Update: After hearing from a few people at Huffington Post, it appears that the original explanation from Isaf was unclear, and led us to believe they were moderating comments based on advertiser preferences. However, Huffington Post has now clarified that they use the same AI just to determine how to post ads on certain content -- and that's what Isaf meant with his remarks. Not that they moderate comments based on advertiser preferences.
We've been somewhat excited that we're rapidly approaching one million total comments on Techdirt. We thought it was quite a nice milestone. But we feel a bit small to learn that the Huffington Post already
has over 70 million comments
just this year
alone. Over at Poynter, Jeff Sonderman has a fascinating interview with the site's director of community, Justin Isaf, about how they manage all those comments
. Apparently they have a staff of 30 full time comment moderators, helped along by some artificial intelligence (named Julia) from a company they bought just for this technology.
Now, obviously, sites have lots of different philosophies on moderating comments. Our own is pretty open. We have a spam filter that tries to cut out obvious spam (of which we get about 1,000 per day, last I checked) and other than that comments are basically unmoderated. We do
have a system that allows the community
to vote on funny and insightful comments (which we then round up in a weekly "best of" post). We also, just recently, introduced our first word/last word
feature, which lets the community promote certain comments. Finally the community can also "report" comments they find problematic, which then minimizes those comments, though they remain available for anyone to see with one click. We've found that this system of trusting the community works pretty damn well overall.
HuffPo, on the other hand, between the technology and the moderators, seems more focused on nudging the conversation themselves. I can understand and respect that choice, but there was one detail that struck me as a bit questionable:
I’m a big fan of having machines help us with the lower level tasks, freeing up time, resources and brain power for more interesting and complex tasks. Julia [the artificial intelligence system that HuffPo owns] takes that a few steps further and helps us with a lot of other aspects of HuffPost in addition to helping weed out abusive members, including identifying intelligent conversations for promotion, and content that is a mismatch for our advertisers. She has allowed us to do a lot more with a lot less.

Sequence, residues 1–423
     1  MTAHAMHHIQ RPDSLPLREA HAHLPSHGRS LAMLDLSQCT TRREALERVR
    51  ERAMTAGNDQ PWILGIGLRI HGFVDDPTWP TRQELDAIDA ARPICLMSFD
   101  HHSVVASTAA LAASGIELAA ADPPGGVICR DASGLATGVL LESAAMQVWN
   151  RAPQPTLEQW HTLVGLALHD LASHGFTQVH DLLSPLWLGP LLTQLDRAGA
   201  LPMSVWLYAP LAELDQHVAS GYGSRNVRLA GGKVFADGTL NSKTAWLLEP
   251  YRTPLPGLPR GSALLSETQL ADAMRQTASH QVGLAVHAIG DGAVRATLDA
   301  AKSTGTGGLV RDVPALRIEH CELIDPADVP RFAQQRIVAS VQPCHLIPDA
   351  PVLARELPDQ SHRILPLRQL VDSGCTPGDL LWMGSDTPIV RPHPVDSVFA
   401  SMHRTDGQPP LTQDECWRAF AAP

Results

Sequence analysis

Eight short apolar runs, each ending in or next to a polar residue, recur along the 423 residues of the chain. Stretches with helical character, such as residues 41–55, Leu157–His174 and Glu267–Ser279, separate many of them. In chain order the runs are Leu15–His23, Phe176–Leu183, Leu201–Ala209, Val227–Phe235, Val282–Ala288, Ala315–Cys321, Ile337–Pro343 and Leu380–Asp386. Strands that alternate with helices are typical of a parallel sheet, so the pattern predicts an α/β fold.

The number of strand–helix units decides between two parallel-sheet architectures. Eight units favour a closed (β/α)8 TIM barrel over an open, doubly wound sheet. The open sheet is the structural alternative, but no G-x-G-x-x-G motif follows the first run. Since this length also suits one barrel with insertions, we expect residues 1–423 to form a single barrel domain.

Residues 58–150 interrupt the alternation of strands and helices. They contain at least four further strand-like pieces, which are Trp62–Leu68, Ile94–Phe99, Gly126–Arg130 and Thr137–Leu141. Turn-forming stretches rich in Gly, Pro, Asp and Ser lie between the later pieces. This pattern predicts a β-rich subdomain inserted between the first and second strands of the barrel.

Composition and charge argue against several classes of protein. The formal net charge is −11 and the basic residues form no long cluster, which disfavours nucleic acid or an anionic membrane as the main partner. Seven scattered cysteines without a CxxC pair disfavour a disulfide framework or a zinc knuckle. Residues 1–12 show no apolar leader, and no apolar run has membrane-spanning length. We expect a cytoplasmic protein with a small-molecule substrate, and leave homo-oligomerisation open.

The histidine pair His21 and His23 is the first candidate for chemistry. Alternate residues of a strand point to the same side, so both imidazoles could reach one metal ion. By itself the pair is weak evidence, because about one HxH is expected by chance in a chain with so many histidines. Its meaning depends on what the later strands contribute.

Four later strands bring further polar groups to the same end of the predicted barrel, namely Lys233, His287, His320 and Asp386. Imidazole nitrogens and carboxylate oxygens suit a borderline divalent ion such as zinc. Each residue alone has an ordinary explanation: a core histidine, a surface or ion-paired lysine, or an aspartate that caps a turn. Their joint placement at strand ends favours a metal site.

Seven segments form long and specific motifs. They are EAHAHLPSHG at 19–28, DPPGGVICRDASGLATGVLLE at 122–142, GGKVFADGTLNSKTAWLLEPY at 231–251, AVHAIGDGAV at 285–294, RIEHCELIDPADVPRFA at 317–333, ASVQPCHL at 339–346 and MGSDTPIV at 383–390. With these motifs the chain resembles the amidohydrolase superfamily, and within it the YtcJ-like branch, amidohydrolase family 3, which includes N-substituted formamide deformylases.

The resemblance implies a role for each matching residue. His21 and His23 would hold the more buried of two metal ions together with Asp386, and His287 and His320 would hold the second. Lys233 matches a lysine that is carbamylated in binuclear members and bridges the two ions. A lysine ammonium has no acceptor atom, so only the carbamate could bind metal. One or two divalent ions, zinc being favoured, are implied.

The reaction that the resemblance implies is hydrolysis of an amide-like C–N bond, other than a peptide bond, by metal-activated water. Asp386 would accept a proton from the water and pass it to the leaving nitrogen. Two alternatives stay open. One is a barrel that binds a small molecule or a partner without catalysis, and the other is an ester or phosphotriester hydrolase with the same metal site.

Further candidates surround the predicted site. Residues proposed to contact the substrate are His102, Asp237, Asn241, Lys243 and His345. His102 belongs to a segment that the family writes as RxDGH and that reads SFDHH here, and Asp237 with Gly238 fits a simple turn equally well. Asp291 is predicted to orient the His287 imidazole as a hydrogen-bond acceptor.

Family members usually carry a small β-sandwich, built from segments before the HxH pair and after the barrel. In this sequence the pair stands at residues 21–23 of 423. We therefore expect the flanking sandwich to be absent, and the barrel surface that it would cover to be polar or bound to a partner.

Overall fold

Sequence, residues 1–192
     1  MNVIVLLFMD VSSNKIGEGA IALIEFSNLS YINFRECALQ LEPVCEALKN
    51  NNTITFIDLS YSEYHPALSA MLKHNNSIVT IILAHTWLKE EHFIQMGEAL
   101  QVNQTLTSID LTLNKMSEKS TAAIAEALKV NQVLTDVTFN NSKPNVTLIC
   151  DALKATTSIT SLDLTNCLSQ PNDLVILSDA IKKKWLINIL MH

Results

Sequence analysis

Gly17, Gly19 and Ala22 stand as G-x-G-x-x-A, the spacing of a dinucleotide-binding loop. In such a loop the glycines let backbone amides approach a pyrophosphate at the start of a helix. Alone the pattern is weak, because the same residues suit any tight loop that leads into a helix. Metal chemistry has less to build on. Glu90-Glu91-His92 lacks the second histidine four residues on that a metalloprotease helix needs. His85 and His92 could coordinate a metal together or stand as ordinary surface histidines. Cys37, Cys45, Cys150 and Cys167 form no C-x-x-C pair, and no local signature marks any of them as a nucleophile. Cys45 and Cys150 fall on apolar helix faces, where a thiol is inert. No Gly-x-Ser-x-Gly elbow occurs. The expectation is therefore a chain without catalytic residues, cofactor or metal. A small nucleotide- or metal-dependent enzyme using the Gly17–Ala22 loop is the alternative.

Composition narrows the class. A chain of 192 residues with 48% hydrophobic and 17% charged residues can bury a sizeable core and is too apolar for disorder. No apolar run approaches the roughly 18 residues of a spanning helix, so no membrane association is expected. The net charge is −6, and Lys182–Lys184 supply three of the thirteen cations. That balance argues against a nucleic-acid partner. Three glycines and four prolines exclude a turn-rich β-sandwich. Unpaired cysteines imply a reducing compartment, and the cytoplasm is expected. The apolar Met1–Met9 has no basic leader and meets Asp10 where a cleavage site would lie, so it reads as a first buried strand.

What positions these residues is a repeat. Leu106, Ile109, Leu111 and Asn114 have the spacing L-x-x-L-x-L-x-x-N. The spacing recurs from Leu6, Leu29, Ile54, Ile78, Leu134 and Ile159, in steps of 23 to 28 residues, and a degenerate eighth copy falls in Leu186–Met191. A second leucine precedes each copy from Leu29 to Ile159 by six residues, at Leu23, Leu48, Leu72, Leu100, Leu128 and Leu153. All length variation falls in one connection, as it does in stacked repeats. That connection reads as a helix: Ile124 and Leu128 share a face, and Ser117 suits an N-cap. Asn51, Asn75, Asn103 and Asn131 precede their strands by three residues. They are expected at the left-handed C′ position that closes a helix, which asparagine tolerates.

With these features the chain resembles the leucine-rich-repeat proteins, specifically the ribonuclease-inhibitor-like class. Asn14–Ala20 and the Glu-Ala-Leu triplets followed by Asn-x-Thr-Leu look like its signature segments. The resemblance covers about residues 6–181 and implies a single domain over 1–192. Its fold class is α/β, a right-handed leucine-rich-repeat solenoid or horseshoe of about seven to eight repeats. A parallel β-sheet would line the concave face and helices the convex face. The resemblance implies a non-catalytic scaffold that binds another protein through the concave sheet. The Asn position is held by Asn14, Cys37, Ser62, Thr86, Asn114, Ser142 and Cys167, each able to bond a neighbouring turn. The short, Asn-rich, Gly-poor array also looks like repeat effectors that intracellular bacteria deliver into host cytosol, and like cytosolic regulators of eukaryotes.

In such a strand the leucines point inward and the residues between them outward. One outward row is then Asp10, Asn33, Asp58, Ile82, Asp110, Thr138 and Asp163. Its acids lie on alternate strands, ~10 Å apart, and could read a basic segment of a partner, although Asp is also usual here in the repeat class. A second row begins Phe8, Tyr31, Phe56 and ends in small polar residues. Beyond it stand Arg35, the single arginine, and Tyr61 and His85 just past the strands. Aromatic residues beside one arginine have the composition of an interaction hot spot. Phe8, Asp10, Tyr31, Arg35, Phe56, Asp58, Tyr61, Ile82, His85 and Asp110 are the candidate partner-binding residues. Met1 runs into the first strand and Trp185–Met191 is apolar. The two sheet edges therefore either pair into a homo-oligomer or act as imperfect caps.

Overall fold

(Note: see update
at the top). I recognize that these are all advertising businesses, but I'm a bit surprised to see HuffPo so blatantly admit that they moderate comments if they're "a mismatch for our advertisers." I've seen plenty of sites say they'll moderate inappropriate commentary, but leave reasonable commentary alone even if it's critical. But HuffPo is basically saying that if advertisers aren't likely to like the comments, they may moderate them. It's their system, and they can do what they want with that, but personally, that makes me feel uncomfortable. We've always tried to promote the fact that our own community is very opinionated (and not shy about it) when we've spoken to advertisers, and we use that as a way of explaining why things they do should be authentic and real, rather than forced and phony. And, because of that, we'd like to think that we're able to drive more interesting engagement. If you leave open the possibility of moderating comments that advertisers won't like, that seems to only encourage bogus and annoying advertising, since marketers may never learn that people don't actually like that kind of thing.
In the end, HuffPo's position is obviously self-serving, even as they pretend that it's best for advertisers. What they may end up doing is hiding the fact that the advertisements are bad, rather than improving the quality of the advertising. Now, obviously, I'm sure AOL does quite fine with HuffPo's ad selling (and they're a hell of a lot bigger than us), but it still struck me as interesting to see the company so blatantly admit how it reacts to content their advertisers might think is "a mismatch."